[0038] The digital camera 12 stores the acquired images in the memory card MC. The image data in the digital camera 12 is generally kept in JPEG format, but other formats can also be used, such as TIFF, GIF, BMP, and RAW data formats.

[0039] The digital camera 12 also comprises a select/set button 126 for setting various photographing conditions, and a liquid crystal display 127. The liquid crystal display 127 is used when previewing photographed images, setting an aperture value using the select/set button, and so forth.

[0040] When the digital camera 12 is used to take a photograph, the image data and image production record information are stored as image files in the memory card MC. The image production record information (described in detail below) can include set parameters such as the aperture value when photographs are taken (when image data is produced).

B. Structure of Image File

[0041]FIG. 3 schematically illustrates an example of the inner structure of an image file which can be used in the embodiment. The image file GF comprises an image information storage field 101 where the image data GD is stored, and an image production record information storage field 102 where the image production record information GI is stored. The image data GD is stored, for example, in JPEG format, and the image production record information GI is stored, for example, in TIFF format (format in which information and information field are specified using tags). The terms “file structure” and “data structure” in this embodiment mean the structure of files or data while the files or data are stored in memory.

[0042] The image production record information GI is information related to the image when the image data is produced (when photographs are taken) in the image-producing device such as the digital camera 12, and includes the following settings. Subject distance

[0043] Subject distance range

[0044] Subject area

[0045] Exposure program

[0046] Exposure time

[0047] Aperture value

[0048] ISO Speed rate (ISO sensitivity)

[0049] Photograph scene

[0050] Manufacturer's name

[0051] Model name

[0052] Gamma value

[0053] The image files in this embodiment should basically have an image data storage field 101 and an image production record information storage field 102, and may have a file structure according to an existing standardized file format. The following specific description pertains to cases where the image file GF pertaining to this embodiment conforms to the Exif file format.

[0054] An Exif file has a file structure in accordance with the digital still camera image file format specification (Exif). The specification has been established by the Japan Electronics and Information Technology Industries Association (JEITA). Similar to the conceptual diagram in FIG. 3, the Exif file format comprises a JPEG image data storage field for storing image data in the JPEG format; and an ancillary information storage field for storing information of various kinds relating to stored JPEG image data. The JPEG image data storage field corresponds to the image data storage field 101 in FIG. 3, and the ancillary information storage field to the images generation record information storage field 102. The ancillary information storage field stores image production record information relating to a JPEG image, such as photographing date/time, aperture value, and subject distance.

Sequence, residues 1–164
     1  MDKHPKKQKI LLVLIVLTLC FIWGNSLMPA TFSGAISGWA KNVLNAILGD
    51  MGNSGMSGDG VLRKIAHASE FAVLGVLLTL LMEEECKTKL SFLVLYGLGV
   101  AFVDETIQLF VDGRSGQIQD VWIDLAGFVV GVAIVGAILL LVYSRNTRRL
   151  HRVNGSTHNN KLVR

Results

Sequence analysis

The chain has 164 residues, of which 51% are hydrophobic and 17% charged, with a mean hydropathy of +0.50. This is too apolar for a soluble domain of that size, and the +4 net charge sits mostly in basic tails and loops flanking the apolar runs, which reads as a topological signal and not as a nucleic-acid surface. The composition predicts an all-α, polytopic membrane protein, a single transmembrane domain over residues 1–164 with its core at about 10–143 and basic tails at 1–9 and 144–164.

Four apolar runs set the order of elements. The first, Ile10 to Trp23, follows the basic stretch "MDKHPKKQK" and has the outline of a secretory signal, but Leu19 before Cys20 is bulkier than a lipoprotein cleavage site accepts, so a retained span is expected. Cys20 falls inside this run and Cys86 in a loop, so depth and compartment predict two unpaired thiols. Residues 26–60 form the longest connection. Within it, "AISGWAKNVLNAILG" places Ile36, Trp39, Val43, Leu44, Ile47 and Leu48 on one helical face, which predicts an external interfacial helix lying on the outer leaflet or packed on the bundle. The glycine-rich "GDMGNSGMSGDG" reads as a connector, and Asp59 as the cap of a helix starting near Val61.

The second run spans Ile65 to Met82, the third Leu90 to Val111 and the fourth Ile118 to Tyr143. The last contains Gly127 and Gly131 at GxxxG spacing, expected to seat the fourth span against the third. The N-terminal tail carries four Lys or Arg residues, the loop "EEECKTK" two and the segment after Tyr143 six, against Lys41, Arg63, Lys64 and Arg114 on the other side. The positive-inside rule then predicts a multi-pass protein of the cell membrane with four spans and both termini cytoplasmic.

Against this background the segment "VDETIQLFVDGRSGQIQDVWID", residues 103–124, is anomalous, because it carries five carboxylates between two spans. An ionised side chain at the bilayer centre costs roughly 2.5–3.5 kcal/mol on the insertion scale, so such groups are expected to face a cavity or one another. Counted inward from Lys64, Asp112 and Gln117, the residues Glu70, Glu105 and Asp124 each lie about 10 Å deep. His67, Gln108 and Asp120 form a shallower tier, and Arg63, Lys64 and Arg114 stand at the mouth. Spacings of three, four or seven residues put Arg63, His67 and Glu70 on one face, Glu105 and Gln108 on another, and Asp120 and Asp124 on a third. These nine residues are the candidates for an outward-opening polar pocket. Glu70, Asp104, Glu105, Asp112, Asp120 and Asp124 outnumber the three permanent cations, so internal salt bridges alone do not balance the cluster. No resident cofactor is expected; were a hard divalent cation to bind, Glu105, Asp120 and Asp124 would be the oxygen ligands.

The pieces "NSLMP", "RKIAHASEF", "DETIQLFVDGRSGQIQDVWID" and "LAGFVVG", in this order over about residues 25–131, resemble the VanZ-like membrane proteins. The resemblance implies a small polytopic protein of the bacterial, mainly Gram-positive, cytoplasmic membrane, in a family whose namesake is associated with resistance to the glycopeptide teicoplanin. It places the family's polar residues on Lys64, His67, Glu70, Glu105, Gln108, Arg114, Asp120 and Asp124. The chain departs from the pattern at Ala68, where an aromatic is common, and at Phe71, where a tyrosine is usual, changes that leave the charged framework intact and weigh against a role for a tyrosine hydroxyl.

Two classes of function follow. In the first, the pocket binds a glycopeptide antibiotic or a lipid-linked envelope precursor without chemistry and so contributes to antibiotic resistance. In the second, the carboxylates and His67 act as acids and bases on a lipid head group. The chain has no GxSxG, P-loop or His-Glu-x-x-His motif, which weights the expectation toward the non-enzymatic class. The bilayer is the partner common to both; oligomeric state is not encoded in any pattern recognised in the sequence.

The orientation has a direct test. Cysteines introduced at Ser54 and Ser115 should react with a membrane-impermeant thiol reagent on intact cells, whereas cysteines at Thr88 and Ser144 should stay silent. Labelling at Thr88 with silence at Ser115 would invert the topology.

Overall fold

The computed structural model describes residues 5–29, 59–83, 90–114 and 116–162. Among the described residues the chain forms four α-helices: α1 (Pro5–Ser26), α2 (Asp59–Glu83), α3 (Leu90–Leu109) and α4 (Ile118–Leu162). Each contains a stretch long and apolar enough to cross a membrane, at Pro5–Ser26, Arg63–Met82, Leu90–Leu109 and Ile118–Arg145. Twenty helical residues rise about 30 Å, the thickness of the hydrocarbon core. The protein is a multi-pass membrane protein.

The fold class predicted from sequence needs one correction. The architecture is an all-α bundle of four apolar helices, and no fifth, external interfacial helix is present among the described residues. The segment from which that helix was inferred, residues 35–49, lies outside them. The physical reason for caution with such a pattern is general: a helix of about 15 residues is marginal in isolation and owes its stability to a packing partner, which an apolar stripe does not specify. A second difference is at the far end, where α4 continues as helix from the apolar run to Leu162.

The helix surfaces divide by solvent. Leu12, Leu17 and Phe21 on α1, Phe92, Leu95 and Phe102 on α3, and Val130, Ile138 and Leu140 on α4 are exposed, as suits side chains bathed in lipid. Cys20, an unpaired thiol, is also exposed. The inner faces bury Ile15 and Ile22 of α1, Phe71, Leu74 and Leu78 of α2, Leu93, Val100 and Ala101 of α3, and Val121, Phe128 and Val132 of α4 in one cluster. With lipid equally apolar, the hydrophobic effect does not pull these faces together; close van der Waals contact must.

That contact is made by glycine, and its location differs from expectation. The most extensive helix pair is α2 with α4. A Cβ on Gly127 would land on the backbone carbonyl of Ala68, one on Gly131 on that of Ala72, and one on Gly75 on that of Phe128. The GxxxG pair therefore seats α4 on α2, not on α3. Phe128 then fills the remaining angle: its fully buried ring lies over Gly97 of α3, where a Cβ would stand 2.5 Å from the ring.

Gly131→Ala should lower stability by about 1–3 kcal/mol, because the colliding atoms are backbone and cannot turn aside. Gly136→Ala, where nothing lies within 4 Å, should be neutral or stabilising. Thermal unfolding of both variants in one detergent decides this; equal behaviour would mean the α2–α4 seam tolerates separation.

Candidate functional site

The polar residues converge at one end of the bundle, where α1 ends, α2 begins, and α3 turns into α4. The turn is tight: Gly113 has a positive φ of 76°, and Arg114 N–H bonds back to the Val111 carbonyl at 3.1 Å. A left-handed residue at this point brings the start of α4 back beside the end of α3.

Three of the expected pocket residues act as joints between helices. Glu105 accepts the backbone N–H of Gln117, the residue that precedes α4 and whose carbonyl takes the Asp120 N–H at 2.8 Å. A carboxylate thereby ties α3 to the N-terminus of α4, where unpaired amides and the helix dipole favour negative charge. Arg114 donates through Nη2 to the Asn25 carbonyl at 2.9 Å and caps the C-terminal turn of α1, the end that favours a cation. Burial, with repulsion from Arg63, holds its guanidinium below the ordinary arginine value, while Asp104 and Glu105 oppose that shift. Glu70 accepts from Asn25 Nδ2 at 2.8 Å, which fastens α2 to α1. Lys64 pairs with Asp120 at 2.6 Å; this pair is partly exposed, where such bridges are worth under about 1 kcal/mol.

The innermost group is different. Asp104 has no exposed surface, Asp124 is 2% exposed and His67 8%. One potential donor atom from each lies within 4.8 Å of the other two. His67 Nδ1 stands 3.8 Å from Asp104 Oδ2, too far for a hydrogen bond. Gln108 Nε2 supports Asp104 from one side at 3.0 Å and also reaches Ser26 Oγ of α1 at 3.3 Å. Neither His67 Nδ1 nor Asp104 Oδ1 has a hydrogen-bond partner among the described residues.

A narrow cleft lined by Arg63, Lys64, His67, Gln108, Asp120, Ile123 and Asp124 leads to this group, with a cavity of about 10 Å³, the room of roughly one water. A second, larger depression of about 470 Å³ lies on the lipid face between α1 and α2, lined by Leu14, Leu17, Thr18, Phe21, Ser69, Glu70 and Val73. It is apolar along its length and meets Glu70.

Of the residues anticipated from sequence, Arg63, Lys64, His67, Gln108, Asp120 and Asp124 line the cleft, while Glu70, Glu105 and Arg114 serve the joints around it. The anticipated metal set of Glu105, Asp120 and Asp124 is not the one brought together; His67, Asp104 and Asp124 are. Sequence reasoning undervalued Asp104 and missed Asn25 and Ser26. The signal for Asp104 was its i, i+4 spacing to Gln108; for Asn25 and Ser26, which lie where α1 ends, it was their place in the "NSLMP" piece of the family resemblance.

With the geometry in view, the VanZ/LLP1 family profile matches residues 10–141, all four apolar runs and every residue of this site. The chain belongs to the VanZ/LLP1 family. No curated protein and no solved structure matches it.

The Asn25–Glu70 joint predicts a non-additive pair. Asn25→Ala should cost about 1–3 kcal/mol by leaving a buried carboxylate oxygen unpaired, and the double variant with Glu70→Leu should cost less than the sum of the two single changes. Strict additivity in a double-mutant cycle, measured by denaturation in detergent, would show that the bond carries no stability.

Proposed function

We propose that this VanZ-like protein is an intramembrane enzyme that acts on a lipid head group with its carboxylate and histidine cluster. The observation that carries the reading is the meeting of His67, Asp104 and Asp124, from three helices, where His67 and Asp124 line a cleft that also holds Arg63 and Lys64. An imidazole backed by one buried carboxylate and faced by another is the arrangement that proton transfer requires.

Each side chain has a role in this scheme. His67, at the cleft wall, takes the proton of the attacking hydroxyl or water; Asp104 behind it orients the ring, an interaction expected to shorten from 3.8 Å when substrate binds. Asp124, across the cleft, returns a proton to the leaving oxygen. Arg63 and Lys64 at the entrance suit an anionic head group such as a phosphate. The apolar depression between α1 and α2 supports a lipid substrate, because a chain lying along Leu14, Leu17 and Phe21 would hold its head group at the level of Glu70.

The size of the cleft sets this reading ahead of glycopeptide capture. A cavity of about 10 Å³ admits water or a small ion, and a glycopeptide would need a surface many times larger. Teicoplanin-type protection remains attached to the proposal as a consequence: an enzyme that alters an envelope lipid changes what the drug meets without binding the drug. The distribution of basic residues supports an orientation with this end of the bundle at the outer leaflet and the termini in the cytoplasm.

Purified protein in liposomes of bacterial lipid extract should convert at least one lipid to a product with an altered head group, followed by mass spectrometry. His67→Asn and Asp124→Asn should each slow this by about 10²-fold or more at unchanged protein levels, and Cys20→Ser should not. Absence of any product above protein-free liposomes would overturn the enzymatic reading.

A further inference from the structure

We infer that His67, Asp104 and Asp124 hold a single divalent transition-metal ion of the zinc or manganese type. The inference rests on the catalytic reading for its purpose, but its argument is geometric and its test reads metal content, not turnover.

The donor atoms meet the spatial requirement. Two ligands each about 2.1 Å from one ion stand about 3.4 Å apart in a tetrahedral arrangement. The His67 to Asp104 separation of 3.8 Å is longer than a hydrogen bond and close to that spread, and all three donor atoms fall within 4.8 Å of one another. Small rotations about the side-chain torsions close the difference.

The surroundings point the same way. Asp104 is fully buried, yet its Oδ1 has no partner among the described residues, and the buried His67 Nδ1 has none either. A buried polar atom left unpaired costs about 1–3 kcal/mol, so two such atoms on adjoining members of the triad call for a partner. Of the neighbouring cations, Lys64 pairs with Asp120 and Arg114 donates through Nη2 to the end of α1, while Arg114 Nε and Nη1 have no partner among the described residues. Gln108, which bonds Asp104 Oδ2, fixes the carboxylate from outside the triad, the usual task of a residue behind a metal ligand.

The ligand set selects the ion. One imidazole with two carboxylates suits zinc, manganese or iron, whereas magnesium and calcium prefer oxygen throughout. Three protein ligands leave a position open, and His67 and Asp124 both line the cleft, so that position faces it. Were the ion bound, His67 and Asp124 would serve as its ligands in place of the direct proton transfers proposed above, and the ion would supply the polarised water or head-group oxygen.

[0055]FIG. 4 is an explanatory diagram describing an example of data structure of the ancillary information storage field 103. In the Exif file format, hierarchical tags are used to designate data fields. Each data field contains within it a plurality of subordinate data fields identified by subordinate tags. In FIG. 4, areas enclosed by rectangles represent single data fields, with tag names noted at upper left. In this embodiment, three data fields whose tag names are APP0, APP1, and APP6 are contained. The APP1 data field contains within it two data fields whose tag names are IFD0 and IFD1. The IFD0 data field contains three data fields whose tag names are PIM, Exif, and GPS. Data and data fields are stored according to a prescribed address or offset value, allowing the address or offset value to be searched by means of tag name. On the output device end, data corresponding to desired information can be acquired by specifying an address or offset value corresponding to the desired information.

[0056]FIG. 5 is an explanatory diagram illustrating an example of data structure (data tag names and parameter values) in the Exif data field in FIG. 4, where tag names can be referenced by tracing in the order APP1-IFD0-Exif. As shown in FIG. 4, the Exif data field can include a data field whose tag name is MakerNote. The MakerNote data field can in turn include a plurality of items of data, although these are not shown in FIG. 5.

[0057] As shown in FIG. 5, the Exif data field stores parameter values relating to information such as subject distance, exposure program, photograph scene, aperture value, and ISO speed rate.